Kat wakes up in hospital after a serious accident, in which her brain has been critically deprived of oxygen. She has trouble with her memory, forgetting words and basic cognitive functions like tying her shoelaces. Visited by her sister, Kat has a rocky road to recovery, as her mind goes into overdrive. In order to realign her mind, she must fight her anxieties and conquer her darkest fears.
Forget About the Dog‘s 100 Ways to Tie a Shoelace delves into the human mind and linguistics, providing a surreal insight into the psychological struggle of recovery after experiencing trauma. It achieves this by presenting physical manifestations of different aspects of Kat’s mind.
Expressive movement and puppetry is used to reconstruct the accident. Using wooden sticks and clothing, an abstract body is suspended in mid-air. Blue lighting and underwater sound effects indicate the reason why Kat’s brain has been starved of oxygen. Although never confirmed, surrealist physical movement implies that she was in a car that crashed into a body of water. Sticks are used to construct a window closing in above Kat, but she can’t break through it, and is entombed within the watery depths of a river.
This abstract surrealism is a truly wonderful way of storytelling. It is mysteriously intriguing, as everything is subject to individual interpretation. Nothing is explicit, only ever implied, granting artistic freedom, but also challenging the audience to work things out for themselves. Some may find it bizarrely confusing, but I find expressionist theatre like this refreshing and exciting.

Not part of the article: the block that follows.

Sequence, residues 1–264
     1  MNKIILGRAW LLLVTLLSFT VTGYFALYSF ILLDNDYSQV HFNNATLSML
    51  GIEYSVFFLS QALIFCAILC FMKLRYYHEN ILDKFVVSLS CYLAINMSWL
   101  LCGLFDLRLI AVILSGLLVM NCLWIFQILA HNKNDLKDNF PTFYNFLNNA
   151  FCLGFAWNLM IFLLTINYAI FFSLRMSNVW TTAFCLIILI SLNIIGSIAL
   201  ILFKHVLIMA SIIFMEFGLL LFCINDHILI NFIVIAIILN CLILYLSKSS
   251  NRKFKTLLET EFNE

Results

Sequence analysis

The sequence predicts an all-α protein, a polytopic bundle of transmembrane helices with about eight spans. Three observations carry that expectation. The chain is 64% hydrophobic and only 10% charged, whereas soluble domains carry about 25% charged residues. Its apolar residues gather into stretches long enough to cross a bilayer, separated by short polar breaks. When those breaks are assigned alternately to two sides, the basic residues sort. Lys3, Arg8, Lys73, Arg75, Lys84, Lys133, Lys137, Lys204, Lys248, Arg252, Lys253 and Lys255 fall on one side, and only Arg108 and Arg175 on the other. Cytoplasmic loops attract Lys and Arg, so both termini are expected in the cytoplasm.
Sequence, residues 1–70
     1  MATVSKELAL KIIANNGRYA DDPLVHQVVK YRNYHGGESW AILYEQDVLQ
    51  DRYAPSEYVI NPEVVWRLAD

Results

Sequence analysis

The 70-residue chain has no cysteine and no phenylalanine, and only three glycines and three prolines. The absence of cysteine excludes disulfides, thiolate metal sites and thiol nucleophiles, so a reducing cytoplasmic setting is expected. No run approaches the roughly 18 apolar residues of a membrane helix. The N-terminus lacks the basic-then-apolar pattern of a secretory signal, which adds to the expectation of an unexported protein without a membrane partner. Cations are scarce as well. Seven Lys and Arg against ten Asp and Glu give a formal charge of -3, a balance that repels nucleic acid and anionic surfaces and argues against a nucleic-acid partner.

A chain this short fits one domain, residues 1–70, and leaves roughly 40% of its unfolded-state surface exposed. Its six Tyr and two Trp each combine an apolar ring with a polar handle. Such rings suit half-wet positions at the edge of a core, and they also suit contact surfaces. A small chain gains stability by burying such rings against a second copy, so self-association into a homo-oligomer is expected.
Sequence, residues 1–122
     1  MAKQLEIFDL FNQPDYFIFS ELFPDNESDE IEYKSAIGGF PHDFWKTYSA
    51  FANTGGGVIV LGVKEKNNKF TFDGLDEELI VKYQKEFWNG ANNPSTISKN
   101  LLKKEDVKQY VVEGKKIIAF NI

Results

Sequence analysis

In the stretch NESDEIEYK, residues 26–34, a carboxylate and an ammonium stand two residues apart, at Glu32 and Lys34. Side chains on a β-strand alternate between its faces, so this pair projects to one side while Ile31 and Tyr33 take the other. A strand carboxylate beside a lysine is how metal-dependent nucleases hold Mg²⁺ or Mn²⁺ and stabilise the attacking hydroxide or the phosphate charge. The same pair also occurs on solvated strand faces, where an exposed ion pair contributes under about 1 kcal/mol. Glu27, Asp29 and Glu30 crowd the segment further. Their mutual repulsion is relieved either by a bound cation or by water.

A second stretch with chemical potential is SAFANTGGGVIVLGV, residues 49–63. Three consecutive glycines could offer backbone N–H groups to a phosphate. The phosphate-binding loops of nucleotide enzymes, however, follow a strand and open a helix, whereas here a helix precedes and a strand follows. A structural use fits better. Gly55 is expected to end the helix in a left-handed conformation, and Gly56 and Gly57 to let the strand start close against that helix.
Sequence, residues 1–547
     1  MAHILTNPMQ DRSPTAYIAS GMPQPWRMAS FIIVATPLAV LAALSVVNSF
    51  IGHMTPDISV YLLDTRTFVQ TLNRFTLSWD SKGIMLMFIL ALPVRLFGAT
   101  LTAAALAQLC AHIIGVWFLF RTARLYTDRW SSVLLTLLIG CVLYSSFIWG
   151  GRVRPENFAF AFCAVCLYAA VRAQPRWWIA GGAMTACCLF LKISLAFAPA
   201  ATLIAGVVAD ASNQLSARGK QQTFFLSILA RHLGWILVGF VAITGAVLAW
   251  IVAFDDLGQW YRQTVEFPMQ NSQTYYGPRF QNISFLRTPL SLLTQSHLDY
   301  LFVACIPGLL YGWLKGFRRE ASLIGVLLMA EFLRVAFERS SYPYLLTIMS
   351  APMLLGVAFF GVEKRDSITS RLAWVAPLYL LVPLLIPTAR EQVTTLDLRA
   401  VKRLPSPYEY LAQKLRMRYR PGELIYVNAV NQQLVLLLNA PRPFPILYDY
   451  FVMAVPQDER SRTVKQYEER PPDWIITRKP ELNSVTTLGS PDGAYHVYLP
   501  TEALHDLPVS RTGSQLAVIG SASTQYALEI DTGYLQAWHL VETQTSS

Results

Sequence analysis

Forget About the Dog skilfully blend this with traditional performance. However, they continue to push the boundaries between reality and fantasy, reflecting Kat’s psychological confusion, but also forming scenes of comedic brilliance.
Her internal dialogue is voiced by Jordan Larkin, who accompanies Kat on her journey to recovery, providing entertaining narration laced with wit and sarcasm. Anxiety attacks are physically manifested into a battlefield. Remembering words becomes a game of Kat’s Phrase, complete with an irritating game-show host. There is even a sleep induced conversation with her pillow. “Ever heard of anti-dandruff shampoo? I suggest you use it”.
A fantastic choice of music, Kat’s inner place of happiness is represented by Rupert Holmes’ Escape (the ‘Piña Colada’ song), as the physical representations of her mind lie on the beach, applying sun cream. Cleverly conceived, these scenes are hilarious, and result in the song becoming stuck in your head for days afterwards. I wish my happy place was drinking Piña Coladas and getting caught in the rain!
Amidst this amusement, there is a more serious undercurrent, as Kat tries to rebuild her memories. Leanne Stenson is superb in this role, portraying her character’s vulnerability and weakness. Frustration is evident whenever Kat stumbles over words, trying to remember those she has forgotten. Stenson’s facial expressions are wonderful, particularly her perplexity when confronted with the bizarre manifestations within her own mind.
The estranged relationship with her sister is beautifully played by both Stenson and India Thompson. Awkwardness, tense arguments, and tender compassion are depicted by both actors, as their characters try to reconcile their differences.
There is no denying that Forget About the Dog are an incredibly talented ensemble of performers. 100 Ways to Tie a Shoelace is physically demanding on the whole group, yet they showed no signs of fatigue. They have produced a delightful, finely polished production that is hugely entertaining and completely bonkers. I am excited to see what the group do next!